From Nov. 7 to Nov. 14, the Macmillan Center at Yale hosted the 12th annual Latino & Iberian Film Festival, or LIFFY. 

This year’s festival took place in a hybrid online and in-person format following last year’s all-virtual festival. LIFFY 2021 included more than 70 films from 19 different Latin American countries, all of which were focused around the theme of “Unidos y Fluidos,” advertised in English as “United in Diversity.” The festival also included three Q&A segments with filmmakers on its opening and closing nights, two panel discussions with the films’ directors and producers and an awards ceremony held on Nov. 14. 

Awards were given in nine different categories. The full-length feature winners were: Fiction, “Bantu Mama;” Debut, “Los Fuertes;” Documentary, “Los Índalos;” Best Director, “Ata tu Arado a una Estrella;” Best Performance, “Pólvora en el Corazón.” The short film winners were: Fiction, “Los Coleccionistas;” Documentary, “Santi 17;” Animation, “War of the Worlds” and “Nuevo Rico.” 

According to Margherita Tortora, LIFFY executive director and founder, the selection committee tried to pick films that emphasized diversity.

“We highlight the struggle for acceptance by various groups, and the topics that they want to communicate to the audience,” Tortora said.

As examples of the festival’s theme, Tortora pointed to films including two shorts focused on Argentinian and Mexican women’s fight for safe abortions titled “Vía Ruta” and “8mty,” a love story of two gay men in rural Chile titled “Los Fuertes,” a story about a trans woman fighting for her rights and acceptance in Argentina titled “Me Llamo Marian” and a Dominican feature film exploring the intersectional complexities of an Afro-Latinx identity titled “Bantú Mama.” 

Last year, undeterred by COVID-19, the Yale Council on Latin American & Iberian Studies (CLAIS) created a virtual platform for the event. This year, the event’s organizers adopted a hybrid format, which consisted of two in-person screenings alongside virtual access to the festival’s entire library.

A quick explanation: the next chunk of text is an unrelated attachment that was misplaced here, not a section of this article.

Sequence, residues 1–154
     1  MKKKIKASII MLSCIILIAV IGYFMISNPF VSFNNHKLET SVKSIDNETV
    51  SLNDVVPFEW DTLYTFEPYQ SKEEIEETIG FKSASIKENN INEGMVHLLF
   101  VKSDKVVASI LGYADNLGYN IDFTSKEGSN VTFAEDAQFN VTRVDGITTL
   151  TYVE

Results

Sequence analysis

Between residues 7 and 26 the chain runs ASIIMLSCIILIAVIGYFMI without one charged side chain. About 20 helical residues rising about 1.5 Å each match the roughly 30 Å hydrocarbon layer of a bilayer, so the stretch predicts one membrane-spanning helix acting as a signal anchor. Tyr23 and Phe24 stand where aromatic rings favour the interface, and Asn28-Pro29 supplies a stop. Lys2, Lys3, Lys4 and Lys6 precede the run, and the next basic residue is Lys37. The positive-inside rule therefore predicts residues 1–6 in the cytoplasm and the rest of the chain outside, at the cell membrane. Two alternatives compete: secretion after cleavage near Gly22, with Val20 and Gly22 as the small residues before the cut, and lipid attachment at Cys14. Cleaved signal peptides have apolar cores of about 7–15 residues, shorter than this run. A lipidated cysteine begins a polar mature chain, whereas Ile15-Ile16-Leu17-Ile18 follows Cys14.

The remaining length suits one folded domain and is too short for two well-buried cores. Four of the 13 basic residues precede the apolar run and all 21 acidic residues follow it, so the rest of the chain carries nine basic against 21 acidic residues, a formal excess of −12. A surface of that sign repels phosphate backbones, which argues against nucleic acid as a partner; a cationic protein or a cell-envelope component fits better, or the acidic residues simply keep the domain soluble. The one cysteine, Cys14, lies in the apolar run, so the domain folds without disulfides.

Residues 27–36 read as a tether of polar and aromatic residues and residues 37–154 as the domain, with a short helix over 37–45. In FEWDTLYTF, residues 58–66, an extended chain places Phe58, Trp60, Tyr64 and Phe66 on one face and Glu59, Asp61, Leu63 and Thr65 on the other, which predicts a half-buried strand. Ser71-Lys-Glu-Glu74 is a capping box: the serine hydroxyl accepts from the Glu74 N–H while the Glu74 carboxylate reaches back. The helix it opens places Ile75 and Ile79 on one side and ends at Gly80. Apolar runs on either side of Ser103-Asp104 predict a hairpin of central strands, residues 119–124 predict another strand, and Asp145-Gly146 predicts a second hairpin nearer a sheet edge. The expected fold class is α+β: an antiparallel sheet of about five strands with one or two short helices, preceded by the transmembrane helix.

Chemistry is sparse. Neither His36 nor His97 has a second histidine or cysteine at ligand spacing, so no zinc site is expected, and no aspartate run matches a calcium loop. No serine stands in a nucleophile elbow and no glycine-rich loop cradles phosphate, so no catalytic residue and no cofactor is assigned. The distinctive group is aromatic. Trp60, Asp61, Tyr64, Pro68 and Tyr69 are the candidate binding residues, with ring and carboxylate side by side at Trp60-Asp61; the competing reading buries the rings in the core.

This year’s hybrid format allowed the festival to reach beyond New Haven, bringing together people across the world to embody its goal of promoting cultural diversity and awareness through contact and understanding. As of Nov. 11, exactly halfway through the festival, LIFFY had more than 1,400 streams from across the globe — many of which came from within Latin America. Leon Kuo ’25, who served as a translator for LIFFY, said the online platform allowed him to “share films with friends and family back home.”

CLAIS Program Director Asia Neupane said that LIFFY’s new hybrid model has been an “incredible success” and is part of the council’s new focus on hybrid programming aimed at reaching a broader audience with both “local and global outreach.” 

The virtual catalogue further allowed LIFFY administrators to add a new level of organization, tagging and categorizing films to make it easier for viewers to find films on subjects of specific interest to them. 

The festival held two in-person screenings, but for the first time in the festival’s history these screenings were only open to Yale students, not members of the New Haven community. The first screening showed the film “San Telmo Tapes,” a joint Ecuadorian and Argentinian film focused on artist Gato Muñoz by filmmaker Leandro Bartoletti. The second featured two Chilean films, a short by Belén Abarza and “Los Fuertes,” a feature-length film by Omar Zuñiga.

While the online format had its own benefits, attendees of the in-person screenings said that nothing compared to attending in-person screenings. 

“Having been to the two in-person screenings that were offered this past week, I would say that being in a theater with a crowd that is enthusiastic and interested in Latin American independent film is something that we unfortunately cannot recreate in an online format,” Kuo said. 

Tortora agreed, adding that while she is grateful for the necessary innovation of the online platform, “it cannot replace the excitement, warmth and camaraderie of a real in-person festival.” In future years, LIFFY organizers hope to return to a mainly in-person format to bring back the communal experience of enjoying films together with audiences composed of both Yale students and the greater New Haven community, but still plan to keep a few online screenings of short films to reach a broader audience. 

After more than a year of social distancing and isolation, LIFFY organizers aim to use films focusing on the beauty of diversity as a uniting human factor to bring people back together.

Tortora, reflecting on the impact that film has had on her own life, said that she views the medium as a way to fight hatred.

 “I truly believe that we cannot hate another human being once that person becomes familiar to us,” Tortora said. “I dream of a time when xenophobia no longer exists.”   

LIFFY screenings were free of charge, with all films shown in their original language with English subtitles.

Correction, Nov. 15: A previous version of this article incorrectly stated the names of the films Tortora recommended.

Isabel Kalb is a staff reporter for the News and writes mainly for WKND. She is a first-year in Morse College and is majoring in Ethics, Politics, and Economics.